The Apraxia Objection In Academic Skepticism Essay

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The Apraxia Objection in Academic Skepticism
The apraxia objection is o
The thesis of suspension of assent on all matters (henceforth the thesis of suspension)

1. The Inactivity Objection
The inactivity objection is an argument put forward by Stoics against the possibility and the convenience of suspension of assent on all matters. According to this objection, putting into practice the global and definitive suspension of assent leads to a certain apraxia state which is qualified as a vegetal state in which is impossible to perform any kind of activity (M. 11.162-4; Met. 1008b10-11). Take us a look at the two Academica passages where Cicero exposes this objection:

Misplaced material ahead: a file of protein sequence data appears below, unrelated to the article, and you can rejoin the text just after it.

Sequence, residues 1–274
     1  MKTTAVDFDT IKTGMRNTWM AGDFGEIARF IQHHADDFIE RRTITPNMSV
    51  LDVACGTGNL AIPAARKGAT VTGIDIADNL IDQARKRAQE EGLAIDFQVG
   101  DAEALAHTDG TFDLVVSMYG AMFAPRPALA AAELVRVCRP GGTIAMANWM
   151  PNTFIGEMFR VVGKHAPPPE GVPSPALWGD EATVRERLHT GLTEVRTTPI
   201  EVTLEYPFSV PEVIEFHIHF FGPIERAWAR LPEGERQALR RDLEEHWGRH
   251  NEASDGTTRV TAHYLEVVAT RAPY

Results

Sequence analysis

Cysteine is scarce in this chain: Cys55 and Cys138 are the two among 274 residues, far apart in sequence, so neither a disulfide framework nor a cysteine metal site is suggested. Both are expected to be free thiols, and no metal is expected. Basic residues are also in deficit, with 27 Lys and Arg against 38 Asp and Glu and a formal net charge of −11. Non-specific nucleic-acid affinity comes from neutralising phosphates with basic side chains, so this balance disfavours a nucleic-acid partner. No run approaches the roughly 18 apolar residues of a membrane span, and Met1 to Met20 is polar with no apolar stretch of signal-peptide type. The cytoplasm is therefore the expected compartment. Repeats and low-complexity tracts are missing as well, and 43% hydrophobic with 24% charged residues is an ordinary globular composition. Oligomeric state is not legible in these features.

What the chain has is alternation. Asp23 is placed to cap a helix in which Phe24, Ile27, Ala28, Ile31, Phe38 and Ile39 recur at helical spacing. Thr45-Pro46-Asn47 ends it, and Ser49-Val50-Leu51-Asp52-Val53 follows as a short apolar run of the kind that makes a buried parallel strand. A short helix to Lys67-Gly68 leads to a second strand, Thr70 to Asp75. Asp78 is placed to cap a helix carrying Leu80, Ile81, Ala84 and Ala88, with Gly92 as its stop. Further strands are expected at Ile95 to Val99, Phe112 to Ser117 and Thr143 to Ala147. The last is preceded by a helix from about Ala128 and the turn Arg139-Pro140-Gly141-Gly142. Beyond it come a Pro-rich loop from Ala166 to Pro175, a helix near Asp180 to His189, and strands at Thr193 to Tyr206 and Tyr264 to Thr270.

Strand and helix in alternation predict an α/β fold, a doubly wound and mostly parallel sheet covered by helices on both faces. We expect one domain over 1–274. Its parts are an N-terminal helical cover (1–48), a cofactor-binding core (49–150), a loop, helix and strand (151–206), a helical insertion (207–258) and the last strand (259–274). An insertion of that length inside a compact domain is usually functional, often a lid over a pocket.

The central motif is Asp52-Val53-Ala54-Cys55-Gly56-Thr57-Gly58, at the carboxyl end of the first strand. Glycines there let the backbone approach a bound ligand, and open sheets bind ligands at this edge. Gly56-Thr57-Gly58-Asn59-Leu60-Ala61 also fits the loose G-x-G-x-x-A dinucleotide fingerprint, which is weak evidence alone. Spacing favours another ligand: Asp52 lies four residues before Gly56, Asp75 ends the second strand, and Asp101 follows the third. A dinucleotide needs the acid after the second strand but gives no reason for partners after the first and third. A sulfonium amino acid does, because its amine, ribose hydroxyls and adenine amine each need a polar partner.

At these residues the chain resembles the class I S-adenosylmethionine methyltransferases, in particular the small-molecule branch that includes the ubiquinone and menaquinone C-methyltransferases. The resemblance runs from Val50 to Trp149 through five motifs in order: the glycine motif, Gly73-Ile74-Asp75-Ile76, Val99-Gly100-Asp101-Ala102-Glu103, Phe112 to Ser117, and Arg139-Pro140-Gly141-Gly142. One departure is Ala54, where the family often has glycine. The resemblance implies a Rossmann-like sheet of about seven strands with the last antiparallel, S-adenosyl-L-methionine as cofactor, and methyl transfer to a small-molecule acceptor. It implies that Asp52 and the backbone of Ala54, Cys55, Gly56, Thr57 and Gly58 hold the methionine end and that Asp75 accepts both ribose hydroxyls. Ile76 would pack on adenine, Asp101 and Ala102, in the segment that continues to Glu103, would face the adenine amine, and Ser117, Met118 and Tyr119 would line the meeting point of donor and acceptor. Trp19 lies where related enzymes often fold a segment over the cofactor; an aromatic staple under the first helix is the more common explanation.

T1. (Ac. 2.39; cf. 2.108):
T2. (Ac. 2.61-2):
In both passages, it is claimed that the thesis of suspension eliminates the possibility of performing any kind of activity, among which must
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Thanks to what is said in sources of the Stoic theory of action, we can infer that it is impulsive impressions (φαντασία ὁρμητική). In contrast with sensible impressions (φαντασία αἰσθητική) whose propositional content is descriptive; the propositional content of impulsive impressions is evaluative. While sensible impressions represent states of affairs (e.g. there is a viper on the floor), the content of impulsive impressions has the form “it is appropriate (for me) φ”, where φ is a course of action (e.g. it is appropriate to avoid vipers). These kinds of impression are those that, once we have given them the assent, produce the impulse to perform the actions evaluated as appropriated. Accordingly, we can assert that impulsive impressions are necessary conditions to produce actions. In conclusion, the thesis of suspension eliminates altogether the action and leads to a vegetal state in which we are unable to move because this thesis eliminates a necessary condition to produce any action: the assent to impulsive

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